Government eyes private sector to accelerate growth
The 2018-19 Economic Survey presented on Thursday projected gross domestic product (GDP) growth in 2019-20 to be 7%. The Indian economy grew 6.8% in 2018-19.Updated: Jul 06, 2019 07:57 IST
The 2018-19 Economic Survey presented on Thursday projected gross domestic product (GDP) growth in 2019-20 to be 7%. The Indian economy grew 6.8% in 2018-19. The Survey also set itself a target of making India a $5 trillion economy by 2024-25. This, it says, will require a growth rate of 8% during this period. While the Survey is a declaration of intent, the Union Budget is the actual policy instrument to achieve these goals. So, what does Budget 2019-20 tell us about the potential drivers of growth under the second Narendra Modi government? The budget has two ways to do this. It can either increase government spending and provide a direct stimulus or tweak policies which offer incentives to those outside the government to step up economic activity.
There is no big fiscal stimulus from the government’s side this year. Fiscal deficit as a share of GDP has come down by 10 basis points to 3.3% this year. One basis point is one hundredth of a percentage point. The government has managed this feat even as its Gross Tax Revenue (GTR) growth has almost halved.
GTR growth between 2017-18 and 2018-19 was 17.2%. It is expected to be just 9.5% between 2018-19 and 2019-20. Capital expenditure by the government has paid a bigger price for deceleration in tax growth. Annual growth in revenue expenditure has increased by 40 basis points between 2017-18 to 2018-19 and 2018-19 to 2019-20. However growth in capital expenditure, which acts as a catalyst for future growth, has come down by 13.4 percentage points during this period (see chart).
This means that the government is banking on the private sector to boost economic activity. While doing this it has thought of a wide portfolio. Income tax benefits for people who buy houses for up to ₹40 lakh until 2020 have been increased by ₹1.5 lakh.
There is also a plan to tap foreign capital ,including that of sovereign wealth and pension funds, to fund big-ticket infrastructure projects. Clearly, the budget is hoping that such policies will give a big boost to construction sector activity. There are other proposals to further liberalise the Foreign Direct Investment (FDI) regime in many other sectors.
The other important thing is an attempt to seize the initiative in industries which have a high growth potential in the future. Electric vehicles (EVs) are one such example. Indians are going to enjoy tax exemptions for buying electric cars for the first time in history. And global makers of EVs, solar panels, batteries, and other such can look forward to tax incentives. Automobiles are among one of the rare manufacturing success stories of India in the post-reform period. If electric vehicles are going to be the future of the automobile industry, India must do everything it can to retain its comparative competitive advantage.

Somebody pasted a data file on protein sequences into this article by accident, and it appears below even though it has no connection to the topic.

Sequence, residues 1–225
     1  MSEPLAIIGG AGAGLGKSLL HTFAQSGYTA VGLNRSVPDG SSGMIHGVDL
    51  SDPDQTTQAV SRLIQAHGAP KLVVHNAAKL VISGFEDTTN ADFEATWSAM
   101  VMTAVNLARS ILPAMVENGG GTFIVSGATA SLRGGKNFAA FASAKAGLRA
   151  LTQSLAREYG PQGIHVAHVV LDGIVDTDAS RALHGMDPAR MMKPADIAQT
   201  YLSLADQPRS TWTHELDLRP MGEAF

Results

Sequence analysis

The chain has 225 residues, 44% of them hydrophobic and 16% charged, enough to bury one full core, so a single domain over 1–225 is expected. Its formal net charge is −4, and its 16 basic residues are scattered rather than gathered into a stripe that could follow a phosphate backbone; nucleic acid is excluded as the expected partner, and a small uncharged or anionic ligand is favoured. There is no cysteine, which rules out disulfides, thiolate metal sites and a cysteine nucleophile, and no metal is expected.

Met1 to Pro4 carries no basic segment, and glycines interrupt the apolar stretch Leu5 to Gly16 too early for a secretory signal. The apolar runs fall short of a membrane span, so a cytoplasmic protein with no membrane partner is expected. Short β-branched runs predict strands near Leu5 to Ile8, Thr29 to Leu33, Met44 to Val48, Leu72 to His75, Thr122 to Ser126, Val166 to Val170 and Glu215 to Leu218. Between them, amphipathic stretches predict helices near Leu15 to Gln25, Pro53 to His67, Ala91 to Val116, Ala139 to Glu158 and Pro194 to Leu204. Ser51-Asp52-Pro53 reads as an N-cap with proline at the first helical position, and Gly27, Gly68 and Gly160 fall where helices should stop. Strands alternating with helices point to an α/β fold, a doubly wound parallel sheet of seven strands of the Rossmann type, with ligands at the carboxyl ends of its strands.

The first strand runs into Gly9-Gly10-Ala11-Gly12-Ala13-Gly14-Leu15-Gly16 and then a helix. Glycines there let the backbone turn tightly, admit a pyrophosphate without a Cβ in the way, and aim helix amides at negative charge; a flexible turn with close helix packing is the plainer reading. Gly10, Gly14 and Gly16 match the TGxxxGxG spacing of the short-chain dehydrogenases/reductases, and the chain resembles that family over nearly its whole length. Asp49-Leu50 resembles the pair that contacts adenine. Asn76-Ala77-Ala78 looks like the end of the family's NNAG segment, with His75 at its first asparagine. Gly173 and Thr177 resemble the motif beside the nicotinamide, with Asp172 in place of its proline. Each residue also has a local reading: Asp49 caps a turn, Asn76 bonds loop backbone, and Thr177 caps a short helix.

The government has opened up an avenue for this investment by the private sector by deciding to get at least some of the money it needs from outside, presenting an opportunity for domestic savings to fund investment. DK Srivastava, chief policy advisor, EY India, said that the pressure on domestic savings and interest rates have been reduced by opening up a channel for tapping external savings as also by reducing the central government’s fiscal deficit to 3.3% of GDP. “This will facilitate a more effective transmission of the reduction in repo rate (the policy rate) to lending rates”. The repo rate is the rate at which the Reserve Bank of India (RBI) lends overnight money to commercial banks.
The government’s own infrastructure creation activities will also help the cause of growth, Srivastava added. “More direct support to growth will come from an increase in infrastructure investment which will be largely based on off-budget resources and public-private partnership initiatives,” he said.
Banks, which will be recapitalised to the extent of ₹70,000 crore this year according to the budget, and non-banking financing companies (NBFCs), which have been provided some relief from the credit crisis they are currently facing, will also now have the headroom to fund investment, experts said.
Anand Rathi, chairman, Anand Rathi Financial Services Ltd, termed the budget growth-oriented and added that it lists various reforms that could be undertaken in the next five years. “The fiscal deficit has been contained at 3.3%. Steps taken to increase liquidity by way of infusing capital in banks and making funds available to NBFCs, coupled with higher infrastructure investments should help in revival of the growth without causing inflationary effect,” he said.
Experts said the intent of the government to provide a fillip to growth is clear in the budget, but that the outcome would be actually depending upon its implementation.
“The finance minister, in her budget, proposed several welcome steps such as promotion of MSMEs (2% interest discount , promotion of startup businesses (easing laws on angel taxes), lending government support to NBFC/ HFCs (housing finance companies) which will improve access of capital, simplification of labour laws and extending reduced corporate tax of 25% to companies with turnover of up to ~400 Crores. What will be important is operationalizing these initiatives at the ground level and building on some of these formative steps,” said Raghav Swaminathan, chief financial officer, Wipro Enterprises.
MSMEs is short for micro, small and medium enterprises.
Editorial | A disciplined, growth-oriented budget